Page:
(CNN) -- Eureka!
A husband and wife are reveling in their good fortune after finding $10 million in rare gold coins buried on their property in Northern California.
The gold country discovery is thought to be the largest of its kind in U.S. history, according to David Hall, co-founder of Professional Coin Grading Service, which authenticated the find.
"It's quite a story. People were walking along on their property in Northern California, noticed something, began digging and they found cans of gold coins," Hall said.
"It should have happened to you and me."
The incredible find
The coins were unearthed in February 2013 by the husband and wife, who wish to remain anonymous.
They were walking their dog when they spotted something shiny on the ground.
The couple dug and eventually discovered eight metal cans, containing more than 1,400 gold coins.
No one knows how they got there, or whom the coins might have belonged to.
"Somebody could have buried them and then died before they let anybody know where they were," Hall said.
"Believe it or not, I know cases where they forgot they had something, or they moved or whatever ... It could have been some kind of robbery deal ... Who knows?"
The treasure is known as the "Saddle Ridge Hoard" because it was discovered near a hill the couple called Saddle Ridge.
In their effort to stay anonymous, the husband and wife aren't saying exactly where the fortune was found.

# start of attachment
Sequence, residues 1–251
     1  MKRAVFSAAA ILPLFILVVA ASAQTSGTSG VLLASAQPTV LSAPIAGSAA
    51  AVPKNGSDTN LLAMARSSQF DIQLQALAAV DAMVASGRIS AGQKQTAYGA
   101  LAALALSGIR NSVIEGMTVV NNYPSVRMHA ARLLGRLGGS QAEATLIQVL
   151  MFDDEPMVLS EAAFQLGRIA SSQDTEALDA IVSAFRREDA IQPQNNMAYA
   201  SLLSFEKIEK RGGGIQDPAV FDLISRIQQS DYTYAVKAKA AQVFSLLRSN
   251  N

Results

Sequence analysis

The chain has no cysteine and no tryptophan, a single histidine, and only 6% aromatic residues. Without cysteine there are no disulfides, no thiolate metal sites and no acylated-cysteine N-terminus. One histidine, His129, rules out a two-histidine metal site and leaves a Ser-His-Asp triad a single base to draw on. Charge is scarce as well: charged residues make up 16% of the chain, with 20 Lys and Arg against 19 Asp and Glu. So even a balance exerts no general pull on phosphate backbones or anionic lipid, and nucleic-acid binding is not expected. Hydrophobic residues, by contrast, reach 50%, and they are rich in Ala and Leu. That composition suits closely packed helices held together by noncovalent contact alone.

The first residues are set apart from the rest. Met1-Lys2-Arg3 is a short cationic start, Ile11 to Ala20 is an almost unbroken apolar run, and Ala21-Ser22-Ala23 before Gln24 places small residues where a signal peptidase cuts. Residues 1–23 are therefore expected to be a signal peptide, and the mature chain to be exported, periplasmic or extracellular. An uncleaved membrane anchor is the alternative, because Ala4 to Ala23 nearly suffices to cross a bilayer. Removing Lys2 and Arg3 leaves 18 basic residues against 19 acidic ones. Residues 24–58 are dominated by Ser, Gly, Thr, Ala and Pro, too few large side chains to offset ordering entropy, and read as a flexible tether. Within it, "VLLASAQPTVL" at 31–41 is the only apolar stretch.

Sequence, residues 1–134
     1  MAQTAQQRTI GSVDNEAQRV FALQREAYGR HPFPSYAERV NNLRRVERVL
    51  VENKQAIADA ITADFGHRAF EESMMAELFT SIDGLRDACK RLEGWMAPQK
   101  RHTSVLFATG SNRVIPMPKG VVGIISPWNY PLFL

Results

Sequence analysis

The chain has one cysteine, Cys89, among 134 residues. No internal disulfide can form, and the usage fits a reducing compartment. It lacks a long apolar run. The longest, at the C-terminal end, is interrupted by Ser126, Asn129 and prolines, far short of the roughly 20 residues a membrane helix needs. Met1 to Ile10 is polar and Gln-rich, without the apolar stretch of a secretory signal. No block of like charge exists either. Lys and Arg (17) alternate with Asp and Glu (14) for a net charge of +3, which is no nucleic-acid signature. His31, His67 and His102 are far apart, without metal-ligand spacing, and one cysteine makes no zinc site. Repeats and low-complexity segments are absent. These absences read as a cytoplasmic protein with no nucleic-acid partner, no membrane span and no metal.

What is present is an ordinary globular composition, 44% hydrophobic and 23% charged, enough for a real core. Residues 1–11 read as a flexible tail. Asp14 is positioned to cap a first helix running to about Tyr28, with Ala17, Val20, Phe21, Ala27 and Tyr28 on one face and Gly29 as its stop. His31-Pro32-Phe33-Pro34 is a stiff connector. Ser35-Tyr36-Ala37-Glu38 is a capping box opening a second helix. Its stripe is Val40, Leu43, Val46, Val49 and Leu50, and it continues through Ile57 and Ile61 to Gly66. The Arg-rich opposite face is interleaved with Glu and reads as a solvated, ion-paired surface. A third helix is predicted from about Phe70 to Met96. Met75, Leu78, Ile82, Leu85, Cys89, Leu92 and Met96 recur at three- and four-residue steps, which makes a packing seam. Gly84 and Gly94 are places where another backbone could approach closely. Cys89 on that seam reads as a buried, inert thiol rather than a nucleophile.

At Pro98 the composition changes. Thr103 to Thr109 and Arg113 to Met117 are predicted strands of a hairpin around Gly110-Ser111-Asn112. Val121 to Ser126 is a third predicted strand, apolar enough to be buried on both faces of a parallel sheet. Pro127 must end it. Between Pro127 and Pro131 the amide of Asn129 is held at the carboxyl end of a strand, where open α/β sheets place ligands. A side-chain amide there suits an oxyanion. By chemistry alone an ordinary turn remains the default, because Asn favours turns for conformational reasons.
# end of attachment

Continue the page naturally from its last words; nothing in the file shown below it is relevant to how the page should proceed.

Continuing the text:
The coins, in $5, $10 and $20 denominations, date from 1847 to 1894. Most were minted in San Francisco.
They have a combined face value of about $27,000, but experts believe they could fetch $10 million or more.
Many are in pristine condition, including at least 14 coins that are considered the finest known for their date and mint mark.
A highlight from the hoard is an 1866-S No Motto Double Eagle, valued at close to $1 million.
The couple is planning to sell much of the collection.
Approximately 90% of the coins will go up on Amazon.com's "Collectibles" site, according to Don Kagin, of Kagin's, Inc., who is assisting the anonymous owners.
He told CNN the couple wants to donate some of the proceeds to charity.
"Basically they're thankful and they think it's wonderful that they're going to be able to save their property that they thought they might lose and, again, they want to give back to the community and to needy people," he said.
Collectors wanting a sneak peek can see some of the coins at the American Numismatic Association's 2014 National Money Show in Atlanta, which opens Thursday.
"Unlike other hoards and treasures, this one includes a great variety of coins struck over many different years, and many of the coins are still in pristine condition," Kagin said.
"And add to that a wonderful human interest story: this family literally found the pot of gold at the end of the rainbow."